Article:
It’s almost common knowledge now that in 2008, Anheuser-Busch, the makers of Budweiser, was bought out by InBev, a Belgium-Brazilian multinational brewing company. Simply put, Budweiser isn’t American anymore.
Yes, it’s still largely brewed in America, and yes, there is an InBev North American Headquarters in St. Louis, but ultimately, when you plop down your hard-earned money for your shitty six-pack that’s not even as good as other, cheaper macro brews, whatever last penny or nickle of profit of that purchase does not end up in American hands.
In the scheme of things, it’s not a big deal- we live in an international world, and that’s fine. But Budweiser sold out their position as America’s beer 8 years ago, and I’ll be fucked if I’m going to let them act like that makes them more American than, say, Samuel Adams, a brewery owned by Americans and named after a founding father.
It also doesn’t taste like someone opened a Miller and let it sit in the forest for three hours.
Budweiser went all out with their America cans. The slogan is now “E Pluribus Unum” and filled the can with all sorts of well-designed allusions to our nation and its greatness. It’s actually well-designed. That doesn’t have anything to do with how it will taste on the inside, but from an aesthetic standpoint, the Budweiser “America” cans are tasteful and honor America. I’m not going to deny that.
You see, half of you taking issue with this HOT TAKE are probably in the camp of, “Fuck off, Budweiser is good.” Most of that comes from nostalgia, which we can’t do anything about, with a scattering of people who will read this as “snob beer drinkers” telling you “not to buy cheap beer” except that every single beer I have written about as “better than Budweiser” is a relatively cheap beer, and this sentence is the only one that will use the word “hops” in the entire fucking article.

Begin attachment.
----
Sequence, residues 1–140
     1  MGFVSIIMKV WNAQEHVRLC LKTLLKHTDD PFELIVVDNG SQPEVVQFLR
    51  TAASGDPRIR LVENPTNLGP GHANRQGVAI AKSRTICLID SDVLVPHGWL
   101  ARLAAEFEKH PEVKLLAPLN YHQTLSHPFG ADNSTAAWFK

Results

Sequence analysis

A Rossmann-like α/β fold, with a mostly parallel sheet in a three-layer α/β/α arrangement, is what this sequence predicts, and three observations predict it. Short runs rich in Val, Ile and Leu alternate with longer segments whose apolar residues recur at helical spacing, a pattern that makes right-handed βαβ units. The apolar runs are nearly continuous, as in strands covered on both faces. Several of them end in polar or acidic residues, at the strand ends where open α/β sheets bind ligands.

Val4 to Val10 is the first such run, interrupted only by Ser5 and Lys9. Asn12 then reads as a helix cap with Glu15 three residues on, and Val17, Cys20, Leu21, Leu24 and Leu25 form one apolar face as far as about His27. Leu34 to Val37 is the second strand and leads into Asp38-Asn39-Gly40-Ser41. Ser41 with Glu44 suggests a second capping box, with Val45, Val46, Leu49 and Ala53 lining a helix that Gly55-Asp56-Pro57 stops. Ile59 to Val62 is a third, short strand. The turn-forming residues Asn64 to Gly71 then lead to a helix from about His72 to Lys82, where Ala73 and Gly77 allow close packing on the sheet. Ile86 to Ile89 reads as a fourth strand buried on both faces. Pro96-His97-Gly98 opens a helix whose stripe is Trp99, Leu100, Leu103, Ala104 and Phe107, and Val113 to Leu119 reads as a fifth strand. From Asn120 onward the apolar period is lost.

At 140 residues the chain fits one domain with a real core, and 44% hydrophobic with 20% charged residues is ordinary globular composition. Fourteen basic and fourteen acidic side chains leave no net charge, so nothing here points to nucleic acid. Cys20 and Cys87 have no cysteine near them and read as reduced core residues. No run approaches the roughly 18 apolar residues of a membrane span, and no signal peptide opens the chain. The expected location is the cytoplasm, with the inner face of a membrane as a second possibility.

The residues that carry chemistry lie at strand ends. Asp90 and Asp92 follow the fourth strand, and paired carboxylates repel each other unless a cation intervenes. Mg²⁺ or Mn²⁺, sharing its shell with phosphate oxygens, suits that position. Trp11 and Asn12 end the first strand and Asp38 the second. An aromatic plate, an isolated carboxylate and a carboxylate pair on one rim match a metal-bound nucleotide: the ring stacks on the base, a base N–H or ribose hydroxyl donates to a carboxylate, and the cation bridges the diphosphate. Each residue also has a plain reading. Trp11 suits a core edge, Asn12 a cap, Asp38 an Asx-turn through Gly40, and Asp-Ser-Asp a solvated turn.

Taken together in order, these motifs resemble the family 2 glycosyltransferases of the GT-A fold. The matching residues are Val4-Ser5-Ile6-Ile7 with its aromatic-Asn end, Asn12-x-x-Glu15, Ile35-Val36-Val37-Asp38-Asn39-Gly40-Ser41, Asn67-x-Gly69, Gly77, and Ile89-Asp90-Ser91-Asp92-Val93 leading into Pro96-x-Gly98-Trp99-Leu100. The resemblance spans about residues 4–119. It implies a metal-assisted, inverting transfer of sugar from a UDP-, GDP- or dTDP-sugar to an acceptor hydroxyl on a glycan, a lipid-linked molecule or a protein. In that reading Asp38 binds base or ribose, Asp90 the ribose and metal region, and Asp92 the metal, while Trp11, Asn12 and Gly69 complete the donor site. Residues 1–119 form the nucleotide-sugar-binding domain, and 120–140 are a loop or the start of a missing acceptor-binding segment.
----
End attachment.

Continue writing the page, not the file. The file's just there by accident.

But the other half, you guys are reading me put way too much thought into people drinking a shitty beer for America, and you are saying, “What’s your problem, man? What’s wrong with someone celebrating America?”
The answer is, there’s nothing wrong with celebrating America, but don’t celebrate America as some bullshit marketing gimmick that’s predicated on the type of Americans who would buy a beer solely it has American labeling (a.k.a. the best Americans) basically getting tricked into buying a beer they grew up thinking was American.
You know who also does an American-flag-bottle marketing gimmick for the Fourth of July? Svedka. And you know what? That’s almost more appropriate. That’s a Swedish vodka…that’s owned by an American company.
At least the guy at the very top of the ladder there gives a shit about America. As opposed to InBev, who are primarily concerned with chocolate and pubic waxing (my knowledge of Belgium and Brazilian stereotypes are admittedly lacking).
But the Budweiser cans are going to be here to stay. Not only that, but they are going to be here all the way until the end of the November election, because never has a more elegant metaphor been crafted than Budweiser trying to call itself America during a six month period set to include a summer Olympics where Americans are expected to swim through actual shit and an Election cycle where the two candidates are so disliked that Bart Simpson actually feels like a valid write-in option.
Much to Hillary’s dismay.
If you already drink Budweiser, you do you, bud. At least it’s not the prison swill that is Bud Light. I’m not here to judge (said in the most judgemental way ever). Hell, you can even save your can and keep it up as decoration somewhere. You do you.
But don’t drink Budweiser because it named itself “America.” Don’t fall for their tricks. Don’t reward them for blindly pushing the patriotism button that they frankly do not have the right to push. Budweiser is bad, and it is not America, so please, don’t call it that. Even if the can asks you nicely.